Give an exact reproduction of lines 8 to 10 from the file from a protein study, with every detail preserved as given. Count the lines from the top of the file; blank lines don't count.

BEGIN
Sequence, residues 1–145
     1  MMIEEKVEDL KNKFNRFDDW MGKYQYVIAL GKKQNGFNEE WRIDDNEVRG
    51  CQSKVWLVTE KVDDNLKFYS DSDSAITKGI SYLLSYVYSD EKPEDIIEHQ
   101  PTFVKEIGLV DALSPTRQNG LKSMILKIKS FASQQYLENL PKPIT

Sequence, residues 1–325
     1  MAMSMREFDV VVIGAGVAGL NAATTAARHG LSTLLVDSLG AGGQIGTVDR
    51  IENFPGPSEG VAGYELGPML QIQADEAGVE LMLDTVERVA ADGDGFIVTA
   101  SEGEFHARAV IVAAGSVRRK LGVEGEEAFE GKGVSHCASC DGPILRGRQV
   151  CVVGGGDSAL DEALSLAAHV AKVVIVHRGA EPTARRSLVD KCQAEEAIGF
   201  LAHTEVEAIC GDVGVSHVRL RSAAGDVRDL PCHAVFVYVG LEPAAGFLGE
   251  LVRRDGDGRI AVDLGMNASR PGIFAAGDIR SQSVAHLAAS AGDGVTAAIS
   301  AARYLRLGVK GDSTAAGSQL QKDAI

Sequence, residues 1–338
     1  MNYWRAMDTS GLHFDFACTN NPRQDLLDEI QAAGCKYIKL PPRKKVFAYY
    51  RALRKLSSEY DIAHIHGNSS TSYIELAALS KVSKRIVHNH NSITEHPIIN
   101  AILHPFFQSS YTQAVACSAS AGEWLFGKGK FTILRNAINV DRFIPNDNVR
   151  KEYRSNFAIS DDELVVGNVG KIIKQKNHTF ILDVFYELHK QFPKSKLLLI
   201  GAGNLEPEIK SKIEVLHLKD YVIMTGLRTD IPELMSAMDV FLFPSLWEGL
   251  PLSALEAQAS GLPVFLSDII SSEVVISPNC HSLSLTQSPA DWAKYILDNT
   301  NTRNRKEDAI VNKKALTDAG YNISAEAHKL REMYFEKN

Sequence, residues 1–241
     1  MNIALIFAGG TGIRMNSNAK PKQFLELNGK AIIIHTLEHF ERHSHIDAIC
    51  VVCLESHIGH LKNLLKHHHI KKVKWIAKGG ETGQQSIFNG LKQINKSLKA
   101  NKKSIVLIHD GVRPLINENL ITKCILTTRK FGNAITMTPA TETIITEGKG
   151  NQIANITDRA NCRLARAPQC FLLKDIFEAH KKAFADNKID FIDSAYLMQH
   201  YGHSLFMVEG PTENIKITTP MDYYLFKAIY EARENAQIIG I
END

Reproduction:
   101  SEGEFHARAV IVAAGSVRRK LGVEGEEAFE GKGVSHCASC DGPILRGRQV
   151  CVVGGGDSAL DEALSLAAHV AKVVIVHRGA EPTARRSLVD KCQAEEAIGF
   201  LAHTEVEAIC GDVGVSHVRL RSAAGDVRDL PCHAVFVYVG LEPAAGFLGE